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Five Steps From "What If" To "Si!"

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"For years, my husband and I talked about the idea of doing something new and different in retirement," explains Nancy Kiernan, "of moving to a new country where we could create a whole new life. Each year, as we struggled through another Maine winter, we'd daydream about starting over someplace where we'd never had to deal with snow and ice again."

But their discussions, Nancy remembered, always contained a number of telling phrases:

"Wouldn't it be nice..."

"Someday..."

"What if..."

"Maybe after... after we've saved more money... after we're able to sell the house..."

Their daughter spotted the problem. "You guys are never going to do it," she told them, "not really."

"Our daughter was so confident in her position," Nancy says, "that it stopped us. What did she know that we didn't, we wondered. So we asked her.

"You're never going to do this," she told us, "because you haven't decided you're going to do it. You're talking about how maybe someday you'll make a move, if, if, if... but you haven't decided that you're going to do this no matter what. I know you guys. That means you're not really going to do it."

Nancy and Mike realized that their daughter's insight was the most critical one of all, and, finally, they made their decision. They weren't going to think about retiring overseas anymore. They were going to retire overseas.

"I see that now as the first step in this process," Nancy says. "Now that we've made the move, I see five steps in total, as follows:

Step #1: Decide
Step #2: Research
Step #3: Plan (with contingencies, because nothing is going to go as you plan)
Step #4: Test (put your boots on the ground)
Step #5: Plunge

"Steps 2 and 3 depend on understanding what you want. You have to make a list. What do you want your new life to look like? What's important to you?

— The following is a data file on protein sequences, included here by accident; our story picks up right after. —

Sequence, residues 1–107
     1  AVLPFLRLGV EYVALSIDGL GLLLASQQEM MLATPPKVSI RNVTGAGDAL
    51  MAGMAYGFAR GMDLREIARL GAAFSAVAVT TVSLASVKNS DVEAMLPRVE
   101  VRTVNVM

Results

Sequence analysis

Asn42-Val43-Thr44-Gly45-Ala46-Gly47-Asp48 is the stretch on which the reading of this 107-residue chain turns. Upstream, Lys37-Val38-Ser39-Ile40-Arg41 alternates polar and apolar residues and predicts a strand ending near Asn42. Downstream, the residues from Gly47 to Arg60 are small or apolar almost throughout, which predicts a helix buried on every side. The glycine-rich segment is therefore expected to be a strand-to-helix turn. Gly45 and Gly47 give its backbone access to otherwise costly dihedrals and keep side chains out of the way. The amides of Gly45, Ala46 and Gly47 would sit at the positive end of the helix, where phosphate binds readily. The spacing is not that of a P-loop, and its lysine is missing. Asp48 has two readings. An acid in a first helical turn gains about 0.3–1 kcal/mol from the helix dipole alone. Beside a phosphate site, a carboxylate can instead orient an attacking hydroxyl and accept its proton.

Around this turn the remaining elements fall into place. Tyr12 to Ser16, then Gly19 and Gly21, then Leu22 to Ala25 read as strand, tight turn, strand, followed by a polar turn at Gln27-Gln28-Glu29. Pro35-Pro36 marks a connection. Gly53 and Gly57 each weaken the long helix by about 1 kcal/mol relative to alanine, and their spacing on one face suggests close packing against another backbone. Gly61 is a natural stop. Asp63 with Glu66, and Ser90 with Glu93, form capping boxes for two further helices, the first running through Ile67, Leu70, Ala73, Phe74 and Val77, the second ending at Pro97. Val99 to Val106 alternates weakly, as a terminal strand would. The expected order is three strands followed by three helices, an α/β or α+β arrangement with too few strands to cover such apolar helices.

"We made our list, and it led us to think that four countries in particular might be what we were looking for -- Ecuador, Panama, Costa Rica, and Uruguay.

"We proceeded to Step #4 by planning an extended trip that would allow us to spend time in each of those four countries. We started in Ecuador, where we realized something pretty quick. That country wasn't for us. It was more Third World than we wanted. However, on that trip to Ecuador, we met another American who'd retired to Latin America years earlier. We told him our plan, explained what we were looking for, and he made a recommendation. Go look at Colombia, he told us, specifically Medellin.

"So we adjusted our plan and, rather than moving on to Panama, Costa Rica, or Uruguay, we hopped a plane to Medellin. We intended to stay two weeks but ended up staying for two months. In those two months, we fell in love. This city was everything we were looking for. We rented an apartment for a year and started shopping for a place of our own. Now here we are, about a year-and-a-half later, in a place of our own in a city we love more every day."

Today, Nancy and Mike are well installed in their completely remodeled home, which features a large terrace perfectly positioned for watching the sunset each evening.

"Vine...vi...y me quedé," proclaims Nancy today, proudly. "I came...I saw...and I stayed."

Of course, the move wasn't quite as easy as that simple declaration might suggest. Nancy and Mike had to disregard and overcome a number of outdated stereotypes and resistance from their family and friends in the States. They were warned about drug lords, kidnappings, and the dangers for women overseas, especially in a city like Medellin, Colombia!

There were legitimate obstacles, too. Neither Nancy nor Mike spoke Spanish when they made their decision to relocate to Medellin. But the couple ignored the stereotypes and tackled the practical hurdles with determination.

Today, Nancy and Mike are officially residents of Medellin, installed in their completely remodeled home, which features a large terrace perfectly positioned for watching the sunset each evening. They've embraced their new lives completely. Nancy's Spanish is quite good. Mike's had less time to study, but that doesn't stop him from engaging most anyone in conversation. The couple has an active social life.

The big hurdles are behind them. Now their biggest decision each day is determining which wine to enjoy while watching the sunset.

Earlier on Huff/Post50:

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